Pari, directed by Dariush Mehrjui, tells the story of three brothers and a sister confronting the issues of art and religion in contemporary Iran. In the film, the action of the sister, Pari, mirrors that of Mr. Salinger’s character Franny, including her troubled relationship with her fiancé.

Mr. Mehrjui, who is one of his nation’s most respected filmmakers, said he was stunned by the cancellation. ”This reaction is really quite bewildering,” he said. ”I don’t want to distribute the film commercially. It’s a kind of cultural exchange. I just want to let the film be seen for the critics and the people that follow my work.”

The director said the film was indeed ”loosely based” on Franny & Zooey, but he added that he had written to Mr. Salinger seeking permission to use the material before making the movie. ”I wrote him a letter indicating that I was just a small filmmaker doing an adaptation,” he said. ”But I did not hear back, so I just continued and made it,” he said.

More recently, Mr. Salinger’s literary and legal representatives shut down a Web site devoted to the work of the writer, whose most famous novel, The Catcher in the Rye, is a staple of high school and college classrooms nationwide.

*A New York Magazine article posted after Salinger’s death has posted commentary and snippets of the film.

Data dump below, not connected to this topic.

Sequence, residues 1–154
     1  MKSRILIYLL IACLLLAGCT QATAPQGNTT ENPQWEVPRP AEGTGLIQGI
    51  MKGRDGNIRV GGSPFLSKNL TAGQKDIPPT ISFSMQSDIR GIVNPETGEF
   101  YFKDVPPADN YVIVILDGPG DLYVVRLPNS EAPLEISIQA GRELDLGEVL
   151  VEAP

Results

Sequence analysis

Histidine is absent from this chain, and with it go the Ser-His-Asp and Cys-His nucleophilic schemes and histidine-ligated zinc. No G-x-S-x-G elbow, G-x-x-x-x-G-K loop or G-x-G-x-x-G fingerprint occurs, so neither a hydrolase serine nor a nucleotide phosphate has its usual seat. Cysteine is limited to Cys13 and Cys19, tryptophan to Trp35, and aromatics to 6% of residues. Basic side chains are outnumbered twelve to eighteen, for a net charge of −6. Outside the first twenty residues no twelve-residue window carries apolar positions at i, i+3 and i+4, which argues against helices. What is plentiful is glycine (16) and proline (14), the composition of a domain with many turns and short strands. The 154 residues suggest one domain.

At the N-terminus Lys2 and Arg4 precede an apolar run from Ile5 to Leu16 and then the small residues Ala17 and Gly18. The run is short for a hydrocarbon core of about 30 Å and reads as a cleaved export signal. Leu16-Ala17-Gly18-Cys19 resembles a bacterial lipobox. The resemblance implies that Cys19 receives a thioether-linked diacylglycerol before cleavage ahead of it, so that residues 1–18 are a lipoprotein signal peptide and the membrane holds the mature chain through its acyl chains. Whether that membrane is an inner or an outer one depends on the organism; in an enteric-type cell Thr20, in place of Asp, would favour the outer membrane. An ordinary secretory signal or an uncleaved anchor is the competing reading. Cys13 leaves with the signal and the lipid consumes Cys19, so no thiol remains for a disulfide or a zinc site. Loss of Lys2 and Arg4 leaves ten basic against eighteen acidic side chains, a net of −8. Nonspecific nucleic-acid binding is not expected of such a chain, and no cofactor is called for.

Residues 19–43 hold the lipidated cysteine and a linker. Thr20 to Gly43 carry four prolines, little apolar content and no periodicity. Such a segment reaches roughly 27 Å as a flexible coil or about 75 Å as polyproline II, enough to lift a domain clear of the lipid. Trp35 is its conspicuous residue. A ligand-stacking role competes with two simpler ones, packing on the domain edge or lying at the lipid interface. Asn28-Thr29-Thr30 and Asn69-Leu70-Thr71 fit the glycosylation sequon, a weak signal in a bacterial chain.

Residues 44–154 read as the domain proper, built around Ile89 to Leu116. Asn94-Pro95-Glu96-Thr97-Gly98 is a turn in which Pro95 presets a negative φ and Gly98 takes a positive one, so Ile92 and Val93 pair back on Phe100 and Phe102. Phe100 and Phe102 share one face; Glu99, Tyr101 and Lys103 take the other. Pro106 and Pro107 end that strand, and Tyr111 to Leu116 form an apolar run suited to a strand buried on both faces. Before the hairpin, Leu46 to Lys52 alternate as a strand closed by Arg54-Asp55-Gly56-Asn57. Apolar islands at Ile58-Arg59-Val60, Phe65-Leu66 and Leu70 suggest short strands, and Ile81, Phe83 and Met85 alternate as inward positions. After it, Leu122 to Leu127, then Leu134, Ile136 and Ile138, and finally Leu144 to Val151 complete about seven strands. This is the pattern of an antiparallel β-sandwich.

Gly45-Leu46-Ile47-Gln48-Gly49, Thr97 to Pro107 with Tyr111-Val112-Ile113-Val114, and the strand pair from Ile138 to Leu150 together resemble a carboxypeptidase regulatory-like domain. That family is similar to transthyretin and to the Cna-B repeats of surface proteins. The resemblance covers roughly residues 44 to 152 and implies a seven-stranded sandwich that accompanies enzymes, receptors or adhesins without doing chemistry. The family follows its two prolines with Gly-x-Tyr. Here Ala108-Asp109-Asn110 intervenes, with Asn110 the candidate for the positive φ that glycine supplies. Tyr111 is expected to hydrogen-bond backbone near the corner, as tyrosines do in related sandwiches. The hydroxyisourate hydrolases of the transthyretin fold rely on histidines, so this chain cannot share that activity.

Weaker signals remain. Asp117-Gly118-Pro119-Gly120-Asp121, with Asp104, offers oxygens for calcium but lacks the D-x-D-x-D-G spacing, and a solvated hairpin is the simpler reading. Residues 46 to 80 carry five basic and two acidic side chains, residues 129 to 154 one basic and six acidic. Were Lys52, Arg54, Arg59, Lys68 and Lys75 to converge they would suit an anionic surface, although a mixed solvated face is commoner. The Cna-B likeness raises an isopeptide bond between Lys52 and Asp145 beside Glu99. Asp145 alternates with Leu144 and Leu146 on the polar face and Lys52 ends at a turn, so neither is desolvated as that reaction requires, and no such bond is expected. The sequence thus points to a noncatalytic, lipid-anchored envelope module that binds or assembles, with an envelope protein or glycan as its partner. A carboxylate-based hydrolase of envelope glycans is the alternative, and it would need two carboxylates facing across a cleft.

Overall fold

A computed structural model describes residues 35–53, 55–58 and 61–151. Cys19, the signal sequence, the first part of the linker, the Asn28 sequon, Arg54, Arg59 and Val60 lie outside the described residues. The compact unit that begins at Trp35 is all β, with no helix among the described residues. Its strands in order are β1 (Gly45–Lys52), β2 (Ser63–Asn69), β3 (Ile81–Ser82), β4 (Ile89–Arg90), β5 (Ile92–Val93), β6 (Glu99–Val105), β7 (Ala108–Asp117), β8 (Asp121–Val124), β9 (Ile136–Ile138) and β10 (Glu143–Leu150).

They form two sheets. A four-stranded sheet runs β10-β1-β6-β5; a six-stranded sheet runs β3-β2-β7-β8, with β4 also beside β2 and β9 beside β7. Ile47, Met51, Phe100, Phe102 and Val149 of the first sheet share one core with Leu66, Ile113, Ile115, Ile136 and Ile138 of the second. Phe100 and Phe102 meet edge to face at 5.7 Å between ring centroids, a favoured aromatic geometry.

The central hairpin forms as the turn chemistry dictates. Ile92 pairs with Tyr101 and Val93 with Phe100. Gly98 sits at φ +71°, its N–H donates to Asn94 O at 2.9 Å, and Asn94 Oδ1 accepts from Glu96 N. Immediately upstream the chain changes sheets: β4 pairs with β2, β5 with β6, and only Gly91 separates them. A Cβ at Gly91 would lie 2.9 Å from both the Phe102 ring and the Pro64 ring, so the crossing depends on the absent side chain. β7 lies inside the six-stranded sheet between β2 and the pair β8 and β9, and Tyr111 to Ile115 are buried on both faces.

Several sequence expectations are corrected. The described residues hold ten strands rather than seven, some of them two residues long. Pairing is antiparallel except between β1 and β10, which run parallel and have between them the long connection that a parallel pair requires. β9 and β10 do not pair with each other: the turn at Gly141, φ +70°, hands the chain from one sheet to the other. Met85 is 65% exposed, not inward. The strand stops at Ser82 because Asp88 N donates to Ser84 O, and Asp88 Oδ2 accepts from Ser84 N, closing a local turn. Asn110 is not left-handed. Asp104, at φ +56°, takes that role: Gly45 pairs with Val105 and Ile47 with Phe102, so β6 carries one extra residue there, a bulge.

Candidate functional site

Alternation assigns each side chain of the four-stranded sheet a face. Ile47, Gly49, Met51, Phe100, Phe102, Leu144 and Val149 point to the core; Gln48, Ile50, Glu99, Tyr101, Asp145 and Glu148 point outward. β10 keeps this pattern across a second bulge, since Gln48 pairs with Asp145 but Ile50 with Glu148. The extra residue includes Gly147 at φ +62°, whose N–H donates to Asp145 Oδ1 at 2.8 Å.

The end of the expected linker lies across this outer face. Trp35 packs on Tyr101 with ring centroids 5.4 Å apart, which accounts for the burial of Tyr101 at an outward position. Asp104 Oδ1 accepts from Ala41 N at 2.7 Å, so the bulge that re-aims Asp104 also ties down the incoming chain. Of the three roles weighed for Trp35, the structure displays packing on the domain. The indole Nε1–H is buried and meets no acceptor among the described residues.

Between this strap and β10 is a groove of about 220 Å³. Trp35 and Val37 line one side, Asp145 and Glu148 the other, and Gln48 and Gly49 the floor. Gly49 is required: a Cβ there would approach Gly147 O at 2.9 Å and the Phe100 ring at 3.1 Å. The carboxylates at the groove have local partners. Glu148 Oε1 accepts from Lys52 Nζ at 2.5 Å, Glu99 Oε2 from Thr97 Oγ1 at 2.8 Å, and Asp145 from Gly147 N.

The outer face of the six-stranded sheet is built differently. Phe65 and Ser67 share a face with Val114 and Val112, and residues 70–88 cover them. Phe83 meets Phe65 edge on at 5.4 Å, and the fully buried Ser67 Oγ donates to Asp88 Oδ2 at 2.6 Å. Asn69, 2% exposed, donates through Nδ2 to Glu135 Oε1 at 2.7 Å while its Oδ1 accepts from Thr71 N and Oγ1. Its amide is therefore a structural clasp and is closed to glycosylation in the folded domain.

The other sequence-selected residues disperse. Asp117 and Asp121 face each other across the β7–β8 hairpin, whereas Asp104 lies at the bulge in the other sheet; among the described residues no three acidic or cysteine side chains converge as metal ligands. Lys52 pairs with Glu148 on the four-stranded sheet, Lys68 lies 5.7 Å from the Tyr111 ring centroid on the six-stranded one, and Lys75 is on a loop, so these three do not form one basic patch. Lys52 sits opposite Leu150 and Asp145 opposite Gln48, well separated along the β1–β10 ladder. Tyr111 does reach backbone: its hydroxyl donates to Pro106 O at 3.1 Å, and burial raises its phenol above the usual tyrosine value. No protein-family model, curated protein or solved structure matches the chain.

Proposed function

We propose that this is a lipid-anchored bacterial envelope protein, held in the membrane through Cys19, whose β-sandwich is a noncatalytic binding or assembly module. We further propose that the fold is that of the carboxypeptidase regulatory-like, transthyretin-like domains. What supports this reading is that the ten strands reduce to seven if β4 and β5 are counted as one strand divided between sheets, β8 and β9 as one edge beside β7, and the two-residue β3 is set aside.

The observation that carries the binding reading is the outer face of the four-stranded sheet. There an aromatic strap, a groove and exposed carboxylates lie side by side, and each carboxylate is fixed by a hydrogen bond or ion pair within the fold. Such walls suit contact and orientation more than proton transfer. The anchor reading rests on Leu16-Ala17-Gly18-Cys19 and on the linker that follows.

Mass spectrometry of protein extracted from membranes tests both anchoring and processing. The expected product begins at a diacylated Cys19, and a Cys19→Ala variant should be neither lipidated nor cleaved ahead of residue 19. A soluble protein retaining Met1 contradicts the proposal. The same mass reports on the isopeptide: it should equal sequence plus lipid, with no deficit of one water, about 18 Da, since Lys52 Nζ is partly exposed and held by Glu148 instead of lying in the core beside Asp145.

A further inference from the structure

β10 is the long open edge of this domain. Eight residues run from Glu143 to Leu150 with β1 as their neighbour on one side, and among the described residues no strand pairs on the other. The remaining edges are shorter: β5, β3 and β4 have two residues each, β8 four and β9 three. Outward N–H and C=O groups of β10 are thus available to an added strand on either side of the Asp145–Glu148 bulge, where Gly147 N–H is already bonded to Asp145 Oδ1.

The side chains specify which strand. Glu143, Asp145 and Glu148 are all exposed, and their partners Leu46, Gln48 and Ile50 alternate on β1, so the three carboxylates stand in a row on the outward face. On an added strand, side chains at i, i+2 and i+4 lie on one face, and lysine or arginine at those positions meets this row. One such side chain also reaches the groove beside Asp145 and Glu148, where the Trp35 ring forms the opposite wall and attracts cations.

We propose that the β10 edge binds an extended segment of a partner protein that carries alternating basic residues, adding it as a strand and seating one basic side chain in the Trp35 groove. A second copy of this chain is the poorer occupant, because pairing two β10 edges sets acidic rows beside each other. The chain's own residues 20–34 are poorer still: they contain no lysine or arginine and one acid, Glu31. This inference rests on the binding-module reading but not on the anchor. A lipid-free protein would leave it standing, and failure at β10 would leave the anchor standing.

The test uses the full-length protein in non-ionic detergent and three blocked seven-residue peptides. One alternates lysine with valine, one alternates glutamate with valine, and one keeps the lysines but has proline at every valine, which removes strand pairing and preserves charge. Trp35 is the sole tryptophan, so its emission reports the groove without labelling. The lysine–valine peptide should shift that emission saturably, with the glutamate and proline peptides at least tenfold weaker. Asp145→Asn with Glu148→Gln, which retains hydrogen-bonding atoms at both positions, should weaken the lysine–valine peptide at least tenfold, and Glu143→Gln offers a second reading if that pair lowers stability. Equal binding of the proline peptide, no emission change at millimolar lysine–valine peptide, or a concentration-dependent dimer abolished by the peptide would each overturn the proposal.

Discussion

Publication of “Hapworth 16, 1924”

In 1996, Salinger sought out a small publishing group called Orchises located in Alexandria, Virginia to publish his final story, Hapworth 16, 1924.  A brief mention printed in the Washington Business Journal on November 15, 1996 included the following details about the potential publication:

J.D. Salinger’s last story — and likely least read — is on target to be published in January by Orchises Press in Alexandria. Previously, “Hapworth 16, 1924” had only been printed in a 1965 New Yorker magazine.

Orchises founder and editor Roger Lathbury, an English professor at George Mason University, is mum on how he got the rights. But he did note that it’s a legitimate authorized version, for which Salinger still holds the copyright. There are several unsettled issues that are being finalized, he added.